On day 56 posttransplantation, ELISPOT assays revealed decreased frequencies of IFN-γ-producing splenocytes in CD27−/− recipients of bm1 allografts as compared to WT recipients (Figure 8A), but there was no difference between CD27−/− and WT recipients of bm12 allografts (Figure 9A). Enriched CD4+ and CD8+ T cells (purity >93%) revealed CD8+ T cells to be the major source of IFN-γproduction in the bm1 model, and CD8+ IFN-γ-producing T cells to be decreased in CD27−/− mice (Figure 8B), whereas CD4+ T cells were the major source of IFN-γ production in the bm12 model and did not differ between CD27−/− and WT recipients (Figure 9B). Taken together, these data establish the primary role of CD8+ T cells in the bm1 model and the impact of CD27 molecule on their activation.
Flow Cytometry showed decreased CD8+ effector-memory and central-memory T cells and a decreased total CD8+ memory T-cell pool in CD27−/− recipients of bm1 al-lografts as compared to WT recipients (Figure 8C), whereas the frequencies of CD4+ effector-memory cells were similar in CD27−/− and WT recipients of bm12 allografts (Figure 9C). These mechanistic data establish the key role of memory CD8+ T cells in the bm1 model and underline the importance of CD27 for their activation.
This study is the first to provide direct evidence for differential requirement of the CD27:CD70 costimulatory pathway for naïve versus primed memory CD8+ T cells in alloim-munity. We first asked whether activation of alloreactive CD8+/CD4+ T cells may have different CD27 costimulation requirements in naïve versus primed environments. To differentiate between effector and memory primed T cells, we used an established model in which mice are presen-sitized with donor-type skin allografts 10 or 40 days before cardiac engraftment (9,29–31). Our data demonstrate that CD27 signals are not essential for activation of naïve allore-active CD4+/CD8+ T cells, as both naïve CD27−/− and WT recipients rejected BALB/c hearts with the same tempo, and temporary depletion of CD4+ or CD8+ T cells did not result in differences in allograft survival between the two groups. These conclusions were supported by the frequencies of alloreactive splenocytes in naïve CD27−/− and WT controls on day 7 after cardiac transplantation, revealing more than adequate priming of CD27−/− recipients, and by similar alloresponses to third-party (CBA) splenocytes in CD27−/− and WT mice after 40 days of sensitization to BALB/c skin grafts. Although not completely excluding a role for CD27 signaling to naïve T cells in primary al-loimmune responses, these findings are consistent with previous data showing the dominant role of CD28 costim-ulation in priming of naïve T cells (32). In fact, our group previously demonstrated that blockade of CD70-induced indefinite graft survival in all CD28-deficient animals (15). These data suggest that the CD27:CD70 pathway is integral to the initiation of alloimmune responses in vivo, especially in the absence of CD28.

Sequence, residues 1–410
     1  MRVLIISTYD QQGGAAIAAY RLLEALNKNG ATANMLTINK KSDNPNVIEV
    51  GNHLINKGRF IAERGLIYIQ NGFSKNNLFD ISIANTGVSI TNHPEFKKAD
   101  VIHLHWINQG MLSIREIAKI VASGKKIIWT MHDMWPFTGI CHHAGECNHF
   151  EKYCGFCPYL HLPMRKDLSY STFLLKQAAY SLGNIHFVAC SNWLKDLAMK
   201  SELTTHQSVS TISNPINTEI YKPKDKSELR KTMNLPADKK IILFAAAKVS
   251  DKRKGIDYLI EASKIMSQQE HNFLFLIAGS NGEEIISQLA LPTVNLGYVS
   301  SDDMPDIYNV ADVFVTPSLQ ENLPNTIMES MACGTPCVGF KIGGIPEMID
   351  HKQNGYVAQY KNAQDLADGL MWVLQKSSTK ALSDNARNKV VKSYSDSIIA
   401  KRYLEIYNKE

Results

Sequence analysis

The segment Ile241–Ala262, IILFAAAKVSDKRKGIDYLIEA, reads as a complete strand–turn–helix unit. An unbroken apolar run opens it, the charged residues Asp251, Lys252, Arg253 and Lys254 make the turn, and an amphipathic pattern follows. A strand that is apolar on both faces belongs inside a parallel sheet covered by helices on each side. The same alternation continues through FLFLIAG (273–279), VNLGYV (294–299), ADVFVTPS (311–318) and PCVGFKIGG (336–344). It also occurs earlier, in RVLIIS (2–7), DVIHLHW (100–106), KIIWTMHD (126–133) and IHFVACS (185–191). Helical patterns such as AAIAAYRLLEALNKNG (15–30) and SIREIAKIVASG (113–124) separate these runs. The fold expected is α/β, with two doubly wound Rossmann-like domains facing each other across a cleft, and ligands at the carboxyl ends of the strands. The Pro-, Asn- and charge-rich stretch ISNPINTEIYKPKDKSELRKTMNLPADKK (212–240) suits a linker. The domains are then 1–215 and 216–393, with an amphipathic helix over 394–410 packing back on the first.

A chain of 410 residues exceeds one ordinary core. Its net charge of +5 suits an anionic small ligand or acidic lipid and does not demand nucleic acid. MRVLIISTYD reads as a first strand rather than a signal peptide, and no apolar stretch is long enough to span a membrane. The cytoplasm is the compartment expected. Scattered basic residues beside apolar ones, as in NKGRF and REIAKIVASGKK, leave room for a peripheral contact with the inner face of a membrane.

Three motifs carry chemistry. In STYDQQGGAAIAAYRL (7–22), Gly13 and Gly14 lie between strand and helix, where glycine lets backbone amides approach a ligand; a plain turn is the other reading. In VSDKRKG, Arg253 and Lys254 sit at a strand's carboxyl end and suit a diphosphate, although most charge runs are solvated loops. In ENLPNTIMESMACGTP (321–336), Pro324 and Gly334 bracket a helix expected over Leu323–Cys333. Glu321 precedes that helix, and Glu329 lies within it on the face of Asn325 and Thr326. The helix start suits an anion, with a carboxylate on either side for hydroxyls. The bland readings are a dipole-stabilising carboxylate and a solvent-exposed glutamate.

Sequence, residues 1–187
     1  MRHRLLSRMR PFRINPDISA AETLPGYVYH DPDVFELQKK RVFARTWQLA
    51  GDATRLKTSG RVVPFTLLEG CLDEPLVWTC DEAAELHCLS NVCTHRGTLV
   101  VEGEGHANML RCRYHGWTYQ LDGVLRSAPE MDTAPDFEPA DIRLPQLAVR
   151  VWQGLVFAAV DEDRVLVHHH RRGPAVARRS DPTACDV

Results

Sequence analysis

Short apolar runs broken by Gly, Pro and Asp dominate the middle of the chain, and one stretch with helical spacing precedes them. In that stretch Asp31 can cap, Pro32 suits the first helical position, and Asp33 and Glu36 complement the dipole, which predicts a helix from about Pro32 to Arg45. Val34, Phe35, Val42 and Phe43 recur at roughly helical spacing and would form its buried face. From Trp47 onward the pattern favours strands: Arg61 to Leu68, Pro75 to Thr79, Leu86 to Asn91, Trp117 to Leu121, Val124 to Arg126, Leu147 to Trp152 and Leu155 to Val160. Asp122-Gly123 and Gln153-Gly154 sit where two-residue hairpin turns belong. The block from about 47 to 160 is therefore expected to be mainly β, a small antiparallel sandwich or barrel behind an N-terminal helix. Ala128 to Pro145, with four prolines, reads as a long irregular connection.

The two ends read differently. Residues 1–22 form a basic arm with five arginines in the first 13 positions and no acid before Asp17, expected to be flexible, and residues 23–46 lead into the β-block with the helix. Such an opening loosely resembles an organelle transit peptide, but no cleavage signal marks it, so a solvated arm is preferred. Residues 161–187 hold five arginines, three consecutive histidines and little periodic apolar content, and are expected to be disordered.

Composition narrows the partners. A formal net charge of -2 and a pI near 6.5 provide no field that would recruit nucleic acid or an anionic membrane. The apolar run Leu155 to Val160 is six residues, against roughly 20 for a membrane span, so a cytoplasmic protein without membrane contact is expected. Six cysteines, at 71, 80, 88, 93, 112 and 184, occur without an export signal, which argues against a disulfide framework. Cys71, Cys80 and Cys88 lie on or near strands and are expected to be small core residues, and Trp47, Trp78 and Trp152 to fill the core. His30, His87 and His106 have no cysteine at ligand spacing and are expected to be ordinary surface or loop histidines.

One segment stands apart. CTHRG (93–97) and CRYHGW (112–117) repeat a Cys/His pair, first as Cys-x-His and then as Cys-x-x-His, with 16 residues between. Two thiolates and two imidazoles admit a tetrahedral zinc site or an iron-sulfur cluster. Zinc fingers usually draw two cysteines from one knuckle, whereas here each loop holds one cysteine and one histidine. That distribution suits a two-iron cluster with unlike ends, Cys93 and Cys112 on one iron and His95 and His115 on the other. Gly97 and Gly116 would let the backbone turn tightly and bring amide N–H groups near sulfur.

Moreover, our data show that CD27 signaling is required for optimal activation of alloreactive CD8+ memory T cells, as judged by survival benefit of cardiac allografts in day 40-sensitized CD27−/− recipients when compared to WT controls. Although the survival seemed biologically minor, its importance was underlined by the fact that it was further enhanced by depletion of memory CD4+ T cells, but completely disappeared when memory CD8+ T cells were eliminated. These findings may seem subtle, but they are biologically important and consistent with complementary and collective contribution of other costimulatory receptors such as 4–1BB and OX40 to formation of CD8+ memory T cells (33). Our mechanistic studies demonstrated diminished secondary responses of CD8+CD27- memory T cells to alloantigen, as demonstrated by declines in IFN-γproduction and expression of effector phenotypes. Our data confirm previous findings, albeit not in an alloimmune model, that secondary CD8+ T-cell responses are reduced in CD27−/− mice (11,13).